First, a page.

The Texture Of Things

Some Changes are Evident

October 31st, 2006

When the tot first faced off with dried beans, she patted them with one outstretched hand, palm open and fingers together and straight. She wouldn’t get close, but she would make contact, if eventually. She also used that method to touch other uncertain things, like the evergreen shrubs in our front yard, the leaves of the maple trees (but no touching of the branches), new fabrics, and so on. But things, they are a-changin’.

Today, I noticed (and realized I’ve been seeing for some time now) changes in her interactions. After our session with S. today, S. and I talked about the tot’s bean play – seeking out whole body contact by getting in the bin with the beans, mixing items in the bin, having confidence with the substance (i.e., kicking, smacking, splashing are all “safe” now), playing there for longer periods of time. These in themselves are progress, small victories on our way to the big prize: self-feeding and the eating of non-crunchy solids and of, dare I hope, mixed-texture foods.

Then, the tot and I got lunch and went outside to burn (her) energy before nap time. As I watched her ride her tricycle up the sidewalk, I noticed that when she greets the shrubs, now she grabs hold of the long (read: overgrown) branches with her whole hand and strokes them. It reminded me of how I pet the cats’ tails – from base to tip, with the fur, or in this case, needles. I watched some more and I saw her do it alternately with both hands. Both hands? Holy Moly, that is new too.

I shouldn’t be surprised, but I am a little bit. Sure, I’m delighted too, but I think I got to a point where I quit believing that she would learn to be more confident, more assertive. (One stock phrase of hers right now is “It’s My turn, MY turn!” Assertive much? Good girl.) I got used to her timidity and began to see her behavior as the normal. I don’t think it’s a bad thing to see past my child’s delays because I love her or because I want to meet her where she is developmentally and then move forward from there, but it’s another when I create a world for her where she doesn’t have to work on improving in her problem areas.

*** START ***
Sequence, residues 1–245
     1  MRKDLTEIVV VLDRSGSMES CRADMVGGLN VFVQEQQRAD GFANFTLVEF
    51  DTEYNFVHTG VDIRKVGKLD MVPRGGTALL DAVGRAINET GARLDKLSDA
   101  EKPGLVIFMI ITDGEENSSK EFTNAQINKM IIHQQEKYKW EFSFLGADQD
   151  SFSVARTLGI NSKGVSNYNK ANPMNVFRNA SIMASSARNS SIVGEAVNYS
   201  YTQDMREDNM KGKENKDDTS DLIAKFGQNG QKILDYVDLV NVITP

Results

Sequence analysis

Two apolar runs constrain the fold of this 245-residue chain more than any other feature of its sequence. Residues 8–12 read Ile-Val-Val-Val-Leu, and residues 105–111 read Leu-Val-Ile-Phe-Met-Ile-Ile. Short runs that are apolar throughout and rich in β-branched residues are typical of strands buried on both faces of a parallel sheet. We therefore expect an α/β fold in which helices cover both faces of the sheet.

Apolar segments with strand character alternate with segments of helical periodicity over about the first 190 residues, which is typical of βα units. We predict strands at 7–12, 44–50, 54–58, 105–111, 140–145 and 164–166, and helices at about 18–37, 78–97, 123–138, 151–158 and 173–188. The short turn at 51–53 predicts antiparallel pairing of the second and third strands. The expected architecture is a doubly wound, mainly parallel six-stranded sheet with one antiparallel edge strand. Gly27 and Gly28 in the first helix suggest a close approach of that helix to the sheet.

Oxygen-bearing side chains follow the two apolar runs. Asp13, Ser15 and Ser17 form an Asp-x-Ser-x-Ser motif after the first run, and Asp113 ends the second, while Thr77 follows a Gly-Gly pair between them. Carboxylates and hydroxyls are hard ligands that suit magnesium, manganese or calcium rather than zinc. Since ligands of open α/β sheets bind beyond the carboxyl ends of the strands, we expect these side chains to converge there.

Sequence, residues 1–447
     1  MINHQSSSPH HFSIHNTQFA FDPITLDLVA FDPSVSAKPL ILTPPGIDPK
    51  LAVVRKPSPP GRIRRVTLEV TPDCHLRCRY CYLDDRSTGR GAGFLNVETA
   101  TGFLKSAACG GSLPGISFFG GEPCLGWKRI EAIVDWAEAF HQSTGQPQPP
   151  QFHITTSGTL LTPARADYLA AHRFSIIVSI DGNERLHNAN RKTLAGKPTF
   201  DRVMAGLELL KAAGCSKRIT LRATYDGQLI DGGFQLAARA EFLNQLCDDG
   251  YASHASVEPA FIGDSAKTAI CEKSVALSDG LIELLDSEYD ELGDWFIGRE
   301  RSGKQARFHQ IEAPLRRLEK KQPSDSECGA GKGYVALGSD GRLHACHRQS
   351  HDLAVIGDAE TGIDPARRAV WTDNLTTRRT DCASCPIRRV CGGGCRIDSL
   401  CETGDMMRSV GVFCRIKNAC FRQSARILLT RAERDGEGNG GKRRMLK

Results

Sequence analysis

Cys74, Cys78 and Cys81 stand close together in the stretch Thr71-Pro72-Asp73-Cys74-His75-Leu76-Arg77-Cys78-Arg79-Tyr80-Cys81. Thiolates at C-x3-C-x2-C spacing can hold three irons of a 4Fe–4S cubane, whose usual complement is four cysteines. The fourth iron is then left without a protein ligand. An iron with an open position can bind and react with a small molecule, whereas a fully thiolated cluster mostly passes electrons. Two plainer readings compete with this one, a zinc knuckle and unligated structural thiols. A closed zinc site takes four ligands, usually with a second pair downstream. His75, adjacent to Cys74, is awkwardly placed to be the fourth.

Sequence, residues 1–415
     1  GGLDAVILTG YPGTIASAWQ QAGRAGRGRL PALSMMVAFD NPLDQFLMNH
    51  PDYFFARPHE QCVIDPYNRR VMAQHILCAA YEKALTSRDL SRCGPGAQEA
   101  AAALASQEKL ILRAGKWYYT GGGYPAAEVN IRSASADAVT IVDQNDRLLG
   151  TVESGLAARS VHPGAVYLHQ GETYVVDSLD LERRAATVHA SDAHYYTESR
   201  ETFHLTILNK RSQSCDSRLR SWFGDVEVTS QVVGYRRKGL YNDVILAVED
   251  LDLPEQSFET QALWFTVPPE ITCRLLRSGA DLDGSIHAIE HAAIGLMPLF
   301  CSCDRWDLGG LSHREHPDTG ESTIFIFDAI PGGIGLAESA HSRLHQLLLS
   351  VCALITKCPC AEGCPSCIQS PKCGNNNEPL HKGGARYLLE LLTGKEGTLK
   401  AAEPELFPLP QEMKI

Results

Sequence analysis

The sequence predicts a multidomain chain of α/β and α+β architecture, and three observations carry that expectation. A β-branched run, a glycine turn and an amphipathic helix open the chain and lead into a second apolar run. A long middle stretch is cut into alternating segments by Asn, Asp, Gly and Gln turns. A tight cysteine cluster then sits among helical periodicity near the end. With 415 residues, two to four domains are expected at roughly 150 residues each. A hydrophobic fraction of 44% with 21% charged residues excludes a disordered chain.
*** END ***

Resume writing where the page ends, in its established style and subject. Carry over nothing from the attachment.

So, I need to remember to continue to offer her chances to interact with new or undesired textures, and I need to do it with positive, unquestioning language. “I’m eating cottage cheese. You can look at it with me. You can taste it, when you’re ready.” Instead of “I’m eating cottage cheese. Don’t you want to eat some too?” Most kids, the conventional wisdom has it, need to be exposed to a food ten or more times before they’ll accept it. For the tot, it’s easily five times that, at each step – seeing at a distance, seeing up close, smelling, touching, then tasting. Hopefully, somewhere in that process, she gets okay with having it on her plate or immediately in front of her as well.

When I do it often enough, I am eventually rewarded. Yesterday, when I showed her my bowl, she asked if she could touch the cottage cheese. And she did touch it. With one outstretched hand, palm open, fingers together and straight. She quickly wiped her fingers off on her shirt and went back to her snack with confident waggle of her head. For the first time in a long time, there was no anxiety in her reaction. It was a tentative approach, but a step forward, to be sure.

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